When a practitioner faces a criminal charge related to health care fraud, it is important to keep in mind not only the potential direct consequences of a conviction – term of imprisonment, fines, restitution, probation, etc., it is also important to be aware of collateral and administrative consequences that will, or may, flow from a criminal conviction. Often times in a criminal case the most important decision any defendant will have to make is whether to accept a plea offer made by the prosecutor, or proceed to defend oneself in trial. Knowing the indirect consequences to a physician – such as impact on licensure and credentialing – that may result from a conviction is imperative in making that decision.
In regard to New Jersey’s Health Care Claims Fraud Statute, found at N.J.S.A. 2C:21-3, there are two degrees of crime listed: the most serious is a second degree crime for violating the statute “knowingly”, and the other is a third degree crime for violating the statute “recklessly”. In conjunction with a separate statute entitled License Suspension or Forfeiture for Health Care Claims Fraud, found at N.J.S.A. 2C:51-5, the second degree crime (knowing violation) would result in a mandatory lifetime forfeiture of a physician’s medical license to be imposed by the court, unless the court finds that such license forfeiture would be a serious injustice which overrides the need to deter such conduct. As one would expect from the wording, this exception (serious injustice) would be difficult to establish. The third degree crime (reckless violation) would result in court-imposed loss of license for “at least one year”. As the language suggests, the loss of license could be more than one year. A second or subsequent conviction of the third degree crime would result in a lifetime ban.
The New Jersey Board of Medical Examiners (the Board) must be notified of any health care claims fraud conviction within 10 days of sentence. N.J.S.A.2C:51-5b. Under the New Jersey Licensed Professionals Uniform Enforcement Act, N.J.S.A. 45:1-1, et seq., administrative action can be taken against a practitioner for a violation of New Jersey statutes pertaining to the practitioner’s licensed profession and also for violations of the regulations of the licensing board or agency. A health care related insurance fraud conviction could constitute summary proof of a violation of several sections of the statute that allows for a suspension or revocation of a physician’s license for proscribed conduct, N.J.S.A. 45:1-21, such as subsections: (b) fraud, (e) professional misconduct, (f) crime of moral turpitude or crime relating adversely to activity regulated by the licensing board, (h) violation of regulation administered by the licensing board, and (k) violation of any insurance fraud prevention law. Any of these violations could not only constitute grounds for the Board to revoke or suspend a practitioner’s license, they could also result in the imposition of alternative administrative penalties found in N.J.S.A. 45:1-22, including but not limited to civil penalties, restitution and payment of the Enforcement Bureau’s costs attributed to the licensing investigation and enforcement procedure. Of course, it bears remembering that even if there is no criminal conviction to form the basis of a Board action, the Board only need prove misconduct by a preponderance of the evidence, thus making it possible to impose professional discipline on a licensee for the same conduct under the same set of circumstances, and using the same evidentiary predicates as a prosecutor would use in a criminal case.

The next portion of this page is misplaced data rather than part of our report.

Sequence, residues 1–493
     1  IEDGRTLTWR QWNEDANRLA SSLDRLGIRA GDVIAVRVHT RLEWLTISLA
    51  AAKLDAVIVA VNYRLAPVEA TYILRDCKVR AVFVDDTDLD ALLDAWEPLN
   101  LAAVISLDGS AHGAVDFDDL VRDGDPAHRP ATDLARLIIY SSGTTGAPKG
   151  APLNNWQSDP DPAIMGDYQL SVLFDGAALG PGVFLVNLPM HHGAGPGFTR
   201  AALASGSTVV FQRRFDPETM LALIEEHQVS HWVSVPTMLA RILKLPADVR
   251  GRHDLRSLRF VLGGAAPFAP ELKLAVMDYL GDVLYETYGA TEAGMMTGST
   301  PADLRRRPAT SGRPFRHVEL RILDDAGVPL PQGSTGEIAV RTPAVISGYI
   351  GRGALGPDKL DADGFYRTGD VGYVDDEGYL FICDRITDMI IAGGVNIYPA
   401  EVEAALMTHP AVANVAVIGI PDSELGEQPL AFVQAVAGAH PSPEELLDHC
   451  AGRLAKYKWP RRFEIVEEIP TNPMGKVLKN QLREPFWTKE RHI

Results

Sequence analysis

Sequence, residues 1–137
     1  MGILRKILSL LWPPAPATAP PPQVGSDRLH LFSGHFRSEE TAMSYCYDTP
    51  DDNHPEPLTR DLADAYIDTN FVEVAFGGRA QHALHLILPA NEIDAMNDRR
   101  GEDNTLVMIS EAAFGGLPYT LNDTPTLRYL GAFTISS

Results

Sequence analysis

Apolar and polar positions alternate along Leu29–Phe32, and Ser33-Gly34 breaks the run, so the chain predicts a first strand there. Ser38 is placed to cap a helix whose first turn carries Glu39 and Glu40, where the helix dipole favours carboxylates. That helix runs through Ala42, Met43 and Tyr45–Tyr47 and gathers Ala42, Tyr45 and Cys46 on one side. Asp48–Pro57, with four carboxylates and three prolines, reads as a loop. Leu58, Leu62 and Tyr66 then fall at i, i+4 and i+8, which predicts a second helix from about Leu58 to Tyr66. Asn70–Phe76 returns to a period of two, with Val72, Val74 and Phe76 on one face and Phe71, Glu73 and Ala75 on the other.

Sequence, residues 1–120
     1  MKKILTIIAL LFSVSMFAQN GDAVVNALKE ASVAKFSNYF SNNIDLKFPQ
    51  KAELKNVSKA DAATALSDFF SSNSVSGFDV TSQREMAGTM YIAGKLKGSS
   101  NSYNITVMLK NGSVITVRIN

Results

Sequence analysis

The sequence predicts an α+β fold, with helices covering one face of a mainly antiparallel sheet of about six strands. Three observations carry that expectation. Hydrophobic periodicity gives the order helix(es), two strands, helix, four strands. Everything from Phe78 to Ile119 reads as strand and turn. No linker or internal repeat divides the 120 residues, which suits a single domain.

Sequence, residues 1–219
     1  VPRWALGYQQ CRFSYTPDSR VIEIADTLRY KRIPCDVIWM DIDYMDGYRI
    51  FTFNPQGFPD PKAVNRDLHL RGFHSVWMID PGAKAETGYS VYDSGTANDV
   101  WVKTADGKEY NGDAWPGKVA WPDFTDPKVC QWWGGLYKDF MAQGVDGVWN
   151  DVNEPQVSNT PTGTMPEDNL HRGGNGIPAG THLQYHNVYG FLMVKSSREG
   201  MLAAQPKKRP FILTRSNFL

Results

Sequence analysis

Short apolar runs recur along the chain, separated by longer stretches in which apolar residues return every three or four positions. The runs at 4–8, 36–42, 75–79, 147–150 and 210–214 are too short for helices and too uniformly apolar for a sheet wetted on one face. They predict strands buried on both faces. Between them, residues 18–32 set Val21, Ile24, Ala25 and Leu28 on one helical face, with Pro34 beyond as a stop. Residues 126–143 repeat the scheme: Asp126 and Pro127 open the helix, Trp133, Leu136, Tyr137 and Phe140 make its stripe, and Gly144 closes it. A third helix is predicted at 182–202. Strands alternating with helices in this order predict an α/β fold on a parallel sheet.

Disciplinary action will almost always be taken against a practitioner once the Board is notified or otherwise learns of a criminal conviction of the practitioner, particularly when the conviction is directly related to the practitioner’s profession. In this regard it is important to note that licensing a